Teachers have earned their pay

Editor, The News:

Re: Teachers paid pretty darn good (Letters, Aug. 31).

As a future teacher currently working on my degree, I could not be angrier at the comments Mr. Bourne and others have made about teachers, complaining that they are overpaid.

I realize this is a hot topic because of the job action in the fall, and it has been a hot topic in the past, and the misinformation that people make public during these times of interest is the biggest part of the problem.

Mr. Bourne says he did his research, but he might want to keep digging. He’s right that wages vary from district to district. Within a few minutes, I located the teacher’s salary grid for our district on the BCTF website and according to that, the highest salary a SD42 teacher could have earned in 2010 was just over $69, 000 – a far cry from the $83,000 he quoted.

I agree, that is a significant number and that many people do not earn close to that in a year, but it is not a starting wage for a teacher.

A salary like that is earned by someone who has obtained a master’s degree or higher.

I’ve never read a letter to the editor regarding doctors’ salaries because we all understand the stress of the job and the amount of education it requires. So why do we question the salary earned by teachers, who also face significant job stress and educational hurdles?

Teachers who earn higher salaries are the administrators at your child’s school, or veteran teachers with 10-plus years of experience. Beginning teachers certainly are not making that much. And they don’t even have a secure job. Most are laid off each June, or only have temporary positions that last a few months.

As for their time off, during their two months off in the summer, most teachers are working, not going to the beach. In fact, during the regular school year, many have a second job so they can afford daily expenses when they first start out.

In the summer, many  teachers teach summer school, work at private learning centres, or drive truck to supplement their income. So really, they’re getting two weeks off at Christmas and one or two weeks off at spring break. Is that unreasonable? I don’t think so.

Most unionized jobs have several weeks of paid vacation, why shouldn’t teachers get the same?

And their benefits package? It’s comparable to most unionized jobs, so why should they be criticized for it?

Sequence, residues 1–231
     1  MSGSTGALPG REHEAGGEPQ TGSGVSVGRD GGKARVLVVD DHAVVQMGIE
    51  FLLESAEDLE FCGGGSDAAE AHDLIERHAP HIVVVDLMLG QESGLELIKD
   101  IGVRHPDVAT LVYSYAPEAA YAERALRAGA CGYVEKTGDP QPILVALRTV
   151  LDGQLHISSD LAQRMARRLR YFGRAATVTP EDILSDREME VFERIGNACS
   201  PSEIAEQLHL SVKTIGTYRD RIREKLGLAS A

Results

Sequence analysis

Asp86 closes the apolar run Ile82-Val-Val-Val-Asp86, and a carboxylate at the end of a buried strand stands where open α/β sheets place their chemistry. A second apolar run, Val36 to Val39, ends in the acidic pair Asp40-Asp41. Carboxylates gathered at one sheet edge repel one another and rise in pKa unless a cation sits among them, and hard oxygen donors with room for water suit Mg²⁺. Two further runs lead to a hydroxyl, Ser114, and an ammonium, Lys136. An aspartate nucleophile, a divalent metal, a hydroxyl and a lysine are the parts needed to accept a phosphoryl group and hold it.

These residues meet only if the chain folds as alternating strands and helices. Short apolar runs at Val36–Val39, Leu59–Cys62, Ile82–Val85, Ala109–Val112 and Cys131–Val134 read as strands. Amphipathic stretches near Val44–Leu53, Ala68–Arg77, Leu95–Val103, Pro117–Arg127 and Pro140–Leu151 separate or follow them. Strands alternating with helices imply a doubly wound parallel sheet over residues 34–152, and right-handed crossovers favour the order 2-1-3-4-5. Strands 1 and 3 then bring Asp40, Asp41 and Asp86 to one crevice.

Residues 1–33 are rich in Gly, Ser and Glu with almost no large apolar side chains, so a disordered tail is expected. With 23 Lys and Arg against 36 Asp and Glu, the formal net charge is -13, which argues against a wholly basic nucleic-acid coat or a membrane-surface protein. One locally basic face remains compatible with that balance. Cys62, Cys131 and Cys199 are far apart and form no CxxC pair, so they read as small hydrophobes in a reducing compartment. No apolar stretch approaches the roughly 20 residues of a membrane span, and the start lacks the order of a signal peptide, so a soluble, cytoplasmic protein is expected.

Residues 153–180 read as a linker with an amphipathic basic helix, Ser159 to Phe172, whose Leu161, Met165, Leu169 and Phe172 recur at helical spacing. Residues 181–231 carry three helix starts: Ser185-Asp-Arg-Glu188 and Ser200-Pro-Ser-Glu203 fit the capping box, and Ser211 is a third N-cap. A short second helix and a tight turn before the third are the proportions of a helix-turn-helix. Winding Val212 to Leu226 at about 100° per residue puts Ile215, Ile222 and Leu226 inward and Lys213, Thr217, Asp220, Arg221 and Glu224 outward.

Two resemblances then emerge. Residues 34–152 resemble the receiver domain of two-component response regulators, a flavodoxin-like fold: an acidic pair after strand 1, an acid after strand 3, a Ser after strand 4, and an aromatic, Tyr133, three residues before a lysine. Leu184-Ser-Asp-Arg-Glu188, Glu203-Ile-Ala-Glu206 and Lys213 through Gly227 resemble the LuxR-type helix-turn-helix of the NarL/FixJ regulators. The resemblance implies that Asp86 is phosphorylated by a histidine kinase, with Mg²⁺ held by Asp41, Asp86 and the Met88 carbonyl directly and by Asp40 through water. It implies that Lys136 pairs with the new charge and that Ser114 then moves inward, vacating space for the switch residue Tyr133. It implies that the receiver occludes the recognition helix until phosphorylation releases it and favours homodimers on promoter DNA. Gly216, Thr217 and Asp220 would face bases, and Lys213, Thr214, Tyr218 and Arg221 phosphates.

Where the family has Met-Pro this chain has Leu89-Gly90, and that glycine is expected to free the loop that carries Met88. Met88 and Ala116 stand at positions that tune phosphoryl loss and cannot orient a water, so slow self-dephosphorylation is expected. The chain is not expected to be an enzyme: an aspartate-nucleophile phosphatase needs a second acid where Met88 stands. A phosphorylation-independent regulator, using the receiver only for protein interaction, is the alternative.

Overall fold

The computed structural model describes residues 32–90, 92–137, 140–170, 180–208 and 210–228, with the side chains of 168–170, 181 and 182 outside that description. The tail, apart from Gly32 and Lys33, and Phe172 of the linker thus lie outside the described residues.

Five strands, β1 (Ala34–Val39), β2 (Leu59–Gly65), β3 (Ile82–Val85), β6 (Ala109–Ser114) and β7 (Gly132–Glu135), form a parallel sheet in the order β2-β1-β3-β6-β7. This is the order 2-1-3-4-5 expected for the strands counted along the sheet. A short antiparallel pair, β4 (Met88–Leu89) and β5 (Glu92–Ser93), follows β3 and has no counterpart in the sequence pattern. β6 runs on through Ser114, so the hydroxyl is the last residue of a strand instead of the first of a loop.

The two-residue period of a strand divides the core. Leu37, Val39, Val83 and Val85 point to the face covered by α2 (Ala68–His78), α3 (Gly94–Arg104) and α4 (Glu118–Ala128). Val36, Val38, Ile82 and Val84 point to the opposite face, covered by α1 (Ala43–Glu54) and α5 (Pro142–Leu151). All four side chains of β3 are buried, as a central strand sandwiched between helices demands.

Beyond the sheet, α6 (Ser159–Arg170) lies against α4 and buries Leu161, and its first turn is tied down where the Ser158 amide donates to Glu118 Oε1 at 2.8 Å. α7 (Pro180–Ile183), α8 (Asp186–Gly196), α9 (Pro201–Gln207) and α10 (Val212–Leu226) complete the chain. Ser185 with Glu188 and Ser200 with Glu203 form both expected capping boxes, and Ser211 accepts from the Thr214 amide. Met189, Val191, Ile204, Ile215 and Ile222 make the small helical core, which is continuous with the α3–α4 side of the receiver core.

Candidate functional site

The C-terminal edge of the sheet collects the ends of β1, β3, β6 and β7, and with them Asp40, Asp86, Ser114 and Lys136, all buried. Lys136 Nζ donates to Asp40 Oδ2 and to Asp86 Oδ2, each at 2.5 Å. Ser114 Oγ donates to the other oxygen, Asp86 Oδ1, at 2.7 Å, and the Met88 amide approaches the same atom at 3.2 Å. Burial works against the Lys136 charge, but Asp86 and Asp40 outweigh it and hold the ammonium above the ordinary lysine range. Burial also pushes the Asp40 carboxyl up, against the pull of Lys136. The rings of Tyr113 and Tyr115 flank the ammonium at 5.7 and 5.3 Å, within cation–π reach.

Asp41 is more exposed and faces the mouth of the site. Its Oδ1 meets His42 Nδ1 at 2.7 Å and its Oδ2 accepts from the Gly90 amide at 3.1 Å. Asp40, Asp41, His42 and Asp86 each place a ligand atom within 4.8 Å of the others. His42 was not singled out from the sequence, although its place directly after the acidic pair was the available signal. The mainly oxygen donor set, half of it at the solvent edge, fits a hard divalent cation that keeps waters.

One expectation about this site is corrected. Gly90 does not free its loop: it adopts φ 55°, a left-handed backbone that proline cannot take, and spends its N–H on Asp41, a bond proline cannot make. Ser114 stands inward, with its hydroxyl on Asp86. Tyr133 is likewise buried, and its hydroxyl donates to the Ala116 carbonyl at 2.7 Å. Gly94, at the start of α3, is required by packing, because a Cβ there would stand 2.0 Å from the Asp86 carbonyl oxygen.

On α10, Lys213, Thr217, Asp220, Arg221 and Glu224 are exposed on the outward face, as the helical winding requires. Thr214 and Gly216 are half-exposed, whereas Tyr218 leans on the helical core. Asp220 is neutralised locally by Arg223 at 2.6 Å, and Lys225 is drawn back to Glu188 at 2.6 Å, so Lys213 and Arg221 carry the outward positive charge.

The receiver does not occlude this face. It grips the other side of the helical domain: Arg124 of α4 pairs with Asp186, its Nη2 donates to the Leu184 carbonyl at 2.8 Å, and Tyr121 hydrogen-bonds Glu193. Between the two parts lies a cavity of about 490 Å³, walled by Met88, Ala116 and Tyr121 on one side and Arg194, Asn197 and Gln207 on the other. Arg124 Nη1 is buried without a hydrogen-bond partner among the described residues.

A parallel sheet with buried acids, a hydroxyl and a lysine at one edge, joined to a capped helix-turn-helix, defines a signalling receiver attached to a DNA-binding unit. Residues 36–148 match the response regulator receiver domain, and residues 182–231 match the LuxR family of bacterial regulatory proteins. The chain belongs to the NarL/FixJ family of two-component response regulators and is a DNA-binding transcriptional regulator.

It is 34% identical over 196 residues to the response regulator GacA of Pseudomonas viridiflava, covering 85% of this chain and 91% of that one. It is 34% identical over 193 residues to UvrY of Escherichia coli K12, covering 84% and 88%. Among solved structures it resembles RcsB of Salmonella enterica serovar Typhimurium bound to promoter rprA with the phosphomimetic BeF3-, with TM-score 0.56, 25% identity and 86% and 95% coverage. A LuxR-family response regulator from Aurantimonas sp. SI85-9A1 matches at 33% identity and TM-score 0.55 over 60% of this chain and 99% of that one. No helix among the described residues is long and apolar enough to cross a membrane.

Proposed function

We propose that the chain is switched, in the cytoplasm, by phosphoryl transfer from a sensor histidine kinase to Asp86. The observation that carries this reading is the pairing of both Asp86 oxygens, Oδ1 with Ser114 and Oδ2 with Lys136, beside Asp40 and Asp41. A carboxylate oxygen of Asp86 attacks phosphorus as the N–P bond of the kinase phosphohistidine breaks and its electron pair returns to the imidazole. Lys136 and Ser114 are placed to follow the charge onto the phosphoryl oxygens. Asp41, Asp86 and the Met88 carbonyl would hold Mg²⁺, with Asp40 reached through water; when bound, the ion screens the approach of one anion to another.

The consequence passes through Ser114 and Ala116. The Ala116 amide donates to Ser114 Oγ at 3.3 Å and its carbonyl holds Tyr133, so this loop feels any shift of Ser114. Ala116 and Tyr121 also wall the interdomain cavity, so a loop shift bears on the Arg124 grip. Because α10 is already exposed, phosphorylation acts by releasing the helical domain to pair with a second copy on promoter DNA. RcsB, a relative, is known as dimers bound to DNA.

Yes, teachers work a six-hour day on the clock. Yes, they technically get a break at recess and lunch. However, all the teachers I know run tutorials, mark work, prep for next block, run student clubs, or attend meetings, catching a few bites to eat in between during those breaks most days.

And I agree, they don’t work an eight-hour day; it’s closer to 10 or more when marking and extra-curricular activities are included (especially high school teachers, who mark between 100-200 students’ assignments.

Yes, many people volunteer their time to coach etc., but when they walk away because they don’t have time, need to work more hours, or want to spend time with their families, everyone understands. Too bad it isn’t the same for teachers.

The salary might seem high, but factor in the money spent to get that salary. To teach in B.C. you must have a bachelor’s degree and a B.C. Teaching certificate.

A four-year bachelor’s degree costs roughly $24,000.

A one-year teaching program: $7,000-10,000.

That’s about $34,000 spent just to start teaching. In other words, almost an entire year’s salary.

So, I guess teachers do have a “pretty darn good” salary, but they’ve earned it.

However, the money isn’t why we go into teaching. We do it because we love teaching kids. I’m willing to get laid off every year, and work two jobs because I love teaching kids. I’ll buy computer programs, class sets of books that will help my students learn better, that the school can’t afford, and other materials out of my own pocket that I won’t get reimbursed for because I love teaching kids.

It’s never been about the money. It’s always been about the kids.

Teachers and future teachers don’t want you to cry a river for us. We aren’t looking for sympathy. All we ask is for a little recognition for the hard work we do.

Remember, the reason you can read this is because a teacher took the time to teach you.

Kristie Ward

SFU student

Pitt Meadows